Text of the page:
Eight people lost their sight, three died: what you need to know about bacteria-infected eye drops in the US

An outbreak of a strain of drug-resistant bacteria associated with recalled eye drops is fraught with three deaths and other serious injuries, according to the US Centers for Disease Control and Prevention (CDC). Writes about it USA Today

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In recent months, the CDC and the US Food and Drug Administration (FDA) have warned patients and clinicians to stop using EzriCare or Delsam Pharma Artificial Tears products.

Products manufactured by Global Pharma Healthcare based in India have been withdrawn in February due to potential bacterial contaminationassociated with a multi-state outbreak of the Pseudomonas aeruginosa strain (Pseudomonas aeruginosa) with extensive drug resistance.

In addition to the three deaths, as of March 14, the outbreak investigation confirmed 8 reports of loss of vision and 4 cases of surgical removal of eyeballs.

Users of eye drops that are not subject to the recall may feel safe to continue using their products, health care providers say.

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“Due to the recent recall, only users of specific recalled brands should be concerned,” said Dr. Christopher Starr, spokesman for the American Academy of Ophthalmology.

“Before administering eye drops, everyone should double check the bottle label to make sure it is not one of the recalled products. But at this time, there are no concerns about using other eye drops,” Starr said.

Death and loss of vision

The CDC said the outbreak of drug-resistant Pseudomonas aeruginosa associated with recalled products such as Artificial Tears EzriCare and Delsam Pharma has reached 16 states. As of March 14, 68 patients have been identified, with more than half of them associated with four clusters of healthcare facilities, according to the CDC.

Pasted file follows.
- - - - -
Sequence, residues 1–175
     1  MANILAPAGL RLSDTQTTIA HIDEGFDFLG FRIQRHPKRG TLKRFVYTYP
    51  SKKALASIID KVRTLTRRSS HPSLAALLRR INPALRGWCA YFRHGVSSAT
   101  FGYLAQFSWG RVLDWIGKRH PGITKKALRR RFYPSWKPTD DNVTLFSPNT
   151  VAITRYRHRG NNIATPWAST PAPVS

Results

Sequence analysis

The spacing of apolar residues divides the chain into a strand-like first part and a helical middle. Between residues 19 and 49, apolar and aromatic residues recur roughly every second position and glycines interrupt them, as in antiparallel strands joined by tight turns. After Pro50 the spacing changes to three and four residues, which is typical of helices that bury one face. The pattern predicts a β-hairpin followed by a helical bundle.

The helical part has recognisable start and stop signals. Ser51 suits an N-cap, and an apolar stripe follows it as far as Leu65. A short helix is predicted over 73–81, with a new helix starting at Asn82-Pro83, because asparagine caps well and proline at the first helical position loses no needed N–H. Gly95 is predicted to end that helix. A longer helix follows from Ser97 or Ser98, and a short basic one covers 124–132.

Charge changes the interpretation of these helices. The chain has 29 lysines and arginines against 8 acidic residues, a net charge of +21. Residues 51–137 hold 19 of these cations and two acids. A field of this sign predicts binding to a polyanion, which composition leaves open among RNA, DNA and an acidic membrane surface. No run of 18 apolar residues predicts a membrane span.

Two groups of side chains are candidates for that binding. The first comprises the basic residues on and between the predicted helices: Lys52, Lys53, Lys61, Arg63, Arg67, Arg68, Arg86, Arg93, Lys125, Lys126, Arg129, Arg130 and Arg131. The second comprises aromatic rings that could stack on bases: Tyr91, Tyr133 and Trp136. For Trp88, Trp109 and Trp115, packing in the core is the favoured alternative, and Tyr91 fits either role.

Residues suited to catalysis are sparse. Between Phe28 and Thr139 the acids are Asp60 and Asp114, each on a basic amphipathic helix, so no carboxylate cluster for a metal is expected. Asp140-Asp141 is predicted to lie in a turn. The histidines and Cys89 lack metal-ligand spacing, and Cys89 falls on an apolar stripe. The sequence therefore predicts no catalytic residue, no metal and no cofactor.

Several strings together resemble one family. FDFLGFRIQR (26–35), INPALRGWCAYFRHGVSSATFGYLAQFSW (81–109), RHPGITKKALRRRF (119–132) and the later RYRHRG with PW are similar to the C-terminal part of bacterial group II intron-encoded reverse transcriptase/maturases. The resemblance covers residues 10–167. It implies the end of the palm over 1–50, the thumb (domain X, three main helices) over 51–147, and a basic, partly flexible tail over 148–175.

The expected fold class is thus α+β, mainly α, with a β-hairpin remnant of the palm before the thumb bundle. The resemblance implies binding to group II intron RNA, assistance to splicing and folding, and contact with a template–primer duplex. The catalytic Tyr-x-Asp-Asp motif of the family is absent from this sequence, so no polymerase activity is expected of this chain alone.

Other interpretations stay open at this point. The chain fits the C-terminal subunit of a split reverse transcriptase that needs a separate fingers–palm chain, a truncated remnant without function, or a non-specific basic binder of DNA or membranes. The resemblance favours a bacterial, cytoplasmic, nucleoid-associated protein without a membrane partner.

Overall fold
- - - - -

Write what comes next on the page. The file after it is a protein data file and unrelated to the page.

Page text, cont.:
Several types of infections are associated with the outbreak, including eye infections. Three people have died and eight have reported loss of vision. In addition, there were four cases of enucleation, a procedure in which the eyeball is surgically removed.

“The majority of patients reported using Artificial Tears,” the CDC wrote, noting that more than 10 different brands of Artificial Tears are involved. According to the CDC, Artificial Tears from EzriCare appeared most often.

All recalled products were sold under two brand names: EzriCare Artificial Tears Lubricant Eye Drops and Delsam Pharma Artificial Tears Lubricant Eye Drops. The boxes in which the products are shipped are marked with the following codes:

  • For Ezricare: NDC 79503-0101-15 and UPC 3 79503 10115 7
  • For Delsam Pharma: NDC 72570-121-15 and UPC 3 72570 12115 8
  • All products named Delsam Pharma Artificial Eye Ointment (NDC 72570-122-35, UPC 3 72570 12235 3).

EzriCare eye drops do not contain preservatives. Bottles of preservative-free eye drops tend to have a higher risk of infection, said Starr and Dr. Daniel Laroche, president of Advanced Eyecare in New York and clinical assistant professor of ophthalmology at the Icahn School of Medicine.